The revelation by Defence Minister Mohan Parrikar on 4 March that he discovered India was paying the US Department of Defence for new weaponry, even though $3 billion which had earlier remitted was lying forgotten in a Pentagon account is not a small matter. Ministry of Defence had reportedly put the said money in a Pentagon account for weaponry that was to be bought under the Foreign Military Sales (FMS). It is not clear as to when the money was paid by India considering that procuring equipment through FMS has been on for past several years especially since US opened up FMS sales in immediate aftermath of the 9/11 terrorist attacks.
$3 billion is not a small amount considering that INS Vikrant, India’s indigenously built aircraft carrier launched in August 2013 was at a cost of $7.7 billion. Moreover, $3 billion by today’s reckoning amounts to Rs 20,100 crore. Parrikar mentioned that this money lying with the US Department of Defense was not earning any interest – obviously nil for India but sure it would have earned interest for the US where the money was lying. Parrikar referred to the lapse as “because of ill-management or lack of attention to this account” and indicated that this $3 billion had “accumulated” over a period of time.
Parrikar further said that he drew on this account in the current year saving money from the capital budget, which Ministry of Defence returned to the finance ministry, adding that during 2015 this account has come down to $1.7-1.8 billion since Ministry of Defence must have paid nearly Rs 6,000 crore from this account for committed liabilities. He further said, “We have saved almost $700-800 million in foreign exchange." The Ministry of Defence and finance ministry can be happy about all this, but it should be very apparent that the armed forces have been made suckers all along and their modernisation remains major casualty. Even $1.7-1.8 billion remaining in the above account in not small; some Rs 11,390 to 12,062 crore.
A former Vice Chief of the Army while in service was told by his friend in Defence (Finance) that they are required to submit a quarterly report from the very beginning of the financial year (FY) as to how much of the defence funds they would be able to surrender at the end of the FY. That is why crores of rupees is surrendered year after year from the Defence Budget while the forces are holding equipment that is 50 percent obsolete. While there was big furore over Gen VK Singh’s, then Army Chief to prime minister Manmohan Singh on criticalities in the Army, public would be unaware that such letters have been written by many Service Chiefs including Chairman Chiefs of Staff Committee in the past. Yet despite criticalities, year after year crores of rupees from the defence allocations are surrendered every year. Isn’t it criminal that these $3 billion were lying with the US while our forces were starved for equipment? Besides, FMS route being the fastest, how could this amount be ‘forgotten’, or was this by design?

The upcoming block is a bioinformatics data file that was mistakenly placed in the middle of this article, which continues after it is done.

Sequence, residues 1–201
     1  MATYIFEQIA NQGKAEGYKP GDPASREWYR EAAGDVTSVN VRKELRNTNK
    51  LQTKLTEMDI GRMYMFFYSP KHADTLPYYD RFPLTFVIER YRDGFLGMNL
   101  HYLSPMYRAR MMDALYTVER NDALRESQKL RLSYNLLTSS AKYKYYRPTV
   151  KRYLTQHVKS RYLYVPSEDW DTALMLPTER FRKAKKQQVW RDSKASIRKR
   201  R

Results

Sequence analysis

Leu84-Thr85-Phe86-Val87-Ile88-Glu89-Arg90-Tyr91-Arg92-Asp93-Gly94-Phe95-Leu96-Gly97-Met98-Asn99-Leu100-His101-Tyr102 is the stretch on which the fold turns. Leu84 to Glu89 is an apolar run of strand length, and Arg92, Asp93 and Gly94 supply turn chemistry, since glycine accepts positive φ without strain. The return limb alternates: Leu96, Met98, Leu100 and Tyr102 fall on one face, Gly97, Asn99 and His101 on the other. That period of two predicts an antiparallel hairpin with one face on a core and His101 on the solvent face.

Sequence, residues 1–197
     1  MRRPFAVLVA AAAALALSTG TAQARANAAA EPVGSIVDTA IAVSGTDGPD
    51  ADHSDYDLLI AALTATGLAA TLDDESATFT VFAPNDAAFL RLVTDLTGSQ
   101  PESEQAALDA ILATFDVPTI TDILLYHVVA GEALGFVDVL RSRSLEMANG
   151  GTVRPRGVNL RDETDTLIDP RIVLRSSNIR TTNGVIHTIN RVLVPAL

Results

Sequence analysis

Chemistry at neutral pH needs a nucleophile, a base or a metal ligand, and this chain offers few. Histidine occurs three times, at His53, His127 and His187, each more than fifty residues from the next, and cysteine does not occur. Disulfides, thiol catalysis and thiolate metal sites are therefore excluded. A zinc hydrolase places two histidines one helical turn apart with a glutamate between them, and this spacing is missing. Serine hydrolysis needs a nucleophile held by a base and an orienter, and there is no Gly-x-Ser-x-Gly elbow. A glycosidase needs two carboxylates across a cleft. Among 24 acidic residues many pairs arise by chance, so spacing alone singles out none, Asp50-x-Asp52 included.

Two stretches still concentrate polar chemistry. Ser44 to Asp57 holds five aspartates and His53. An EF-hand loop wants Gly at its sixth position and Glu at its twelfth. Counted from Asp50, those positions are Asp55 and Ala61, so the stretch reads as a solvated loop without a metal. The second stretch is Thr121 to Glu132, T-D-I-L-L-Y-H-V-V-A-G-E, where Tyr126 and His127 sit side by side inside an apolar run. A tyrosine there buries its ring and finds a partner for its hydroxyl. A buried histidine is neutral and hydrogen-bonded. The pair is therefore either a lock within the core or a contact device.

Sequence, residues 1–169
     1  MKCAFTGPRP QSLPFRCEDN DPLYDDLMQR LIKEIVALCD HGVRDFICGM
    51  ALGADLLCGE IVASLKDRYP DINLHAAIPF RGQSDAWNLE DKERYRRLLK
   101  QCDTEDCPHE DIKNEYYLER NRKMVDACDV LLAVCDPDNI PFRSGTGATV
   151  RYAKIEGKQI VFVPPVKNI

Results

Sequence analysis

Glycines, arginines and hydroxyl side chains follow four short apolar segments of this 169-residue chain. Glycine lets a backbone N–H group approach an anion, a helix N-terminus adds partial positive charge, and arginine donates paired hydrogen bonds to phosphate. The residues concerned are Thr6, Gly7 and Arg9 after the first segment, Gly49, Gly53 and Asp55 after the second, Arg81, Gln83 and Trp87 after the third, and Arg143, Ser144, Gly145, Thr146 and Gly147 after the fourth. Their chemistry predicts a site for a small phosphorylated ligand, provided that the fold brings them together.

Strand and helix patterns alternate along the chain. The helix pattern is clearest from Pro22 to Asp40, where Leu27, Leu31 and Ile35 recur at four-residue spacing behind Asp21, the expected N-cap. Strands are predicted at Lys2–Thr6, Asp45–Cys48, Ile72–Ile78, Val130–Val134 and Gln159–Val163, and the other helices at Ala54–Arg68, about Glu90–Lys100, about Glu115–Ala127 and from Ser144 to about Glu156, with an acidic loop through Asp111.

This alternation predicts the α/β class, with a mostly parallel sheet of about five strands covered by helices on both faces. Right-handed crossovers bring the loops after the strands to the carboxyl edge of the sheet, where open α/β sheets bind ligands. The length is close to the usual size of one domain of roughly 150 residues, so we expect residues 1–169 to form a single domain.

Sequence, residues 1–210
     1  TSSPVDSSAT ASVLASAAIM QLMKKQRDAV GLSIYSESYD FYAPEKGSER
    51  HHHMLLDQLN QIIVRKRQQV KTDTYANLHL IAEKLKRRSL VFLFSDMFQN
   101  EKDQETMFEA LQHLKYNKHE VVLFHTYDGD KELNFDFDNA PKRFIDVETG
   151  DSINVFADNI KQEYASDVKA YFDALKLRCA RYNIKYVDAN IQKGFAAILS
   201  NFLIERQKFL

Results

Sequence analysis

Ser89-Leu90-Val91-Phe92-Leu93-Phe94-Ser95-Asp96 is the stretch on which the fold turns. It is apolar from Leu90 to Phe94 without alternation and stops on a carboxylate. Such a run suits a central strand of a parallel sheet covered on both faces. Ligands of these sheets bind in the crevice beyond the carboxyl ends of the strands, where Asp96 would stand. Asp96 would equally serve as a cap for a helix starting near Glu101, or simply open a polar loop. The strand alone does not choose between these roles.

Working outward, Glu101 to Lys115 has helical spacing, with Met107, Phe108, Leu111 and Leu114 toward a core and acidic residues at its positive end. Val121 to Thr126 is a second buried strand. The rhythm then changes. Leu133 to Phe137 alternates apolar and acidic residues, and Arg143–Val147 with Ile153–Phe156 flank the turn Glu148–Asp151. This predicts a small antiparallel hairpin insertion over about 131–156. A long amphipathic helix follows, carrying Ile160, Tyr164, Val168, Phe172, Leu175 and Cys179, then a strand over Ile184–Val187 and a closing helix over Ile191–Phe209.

Talking of criticalities, take the example of bullet proof jackets in the army. Past several years one has heard about 1,86,000 being imported but nothing has materialized, mainly because the Ordnance Factory Board under DRDO has not been able to produce any worthwhile bullet proof jacket. Interestingly, a media report of 2015 revealed that many of our private companies are exporting bullet proof jackets and even helmets to more than 230 forces in over 100 countries including British, German, Spanish and French Armies, plus police forces stretching from Japan in the East to the US in the West. Why can’t Service Chiefs have the authority of making emergency purchases with troops continuously engaged in counter insurgency operations, and when Army Commander Northern Command purchases such bullet proof jackets under his Special Financial Powers, duly cleared by the IFA, why does the IFA object? When will we break the mafia.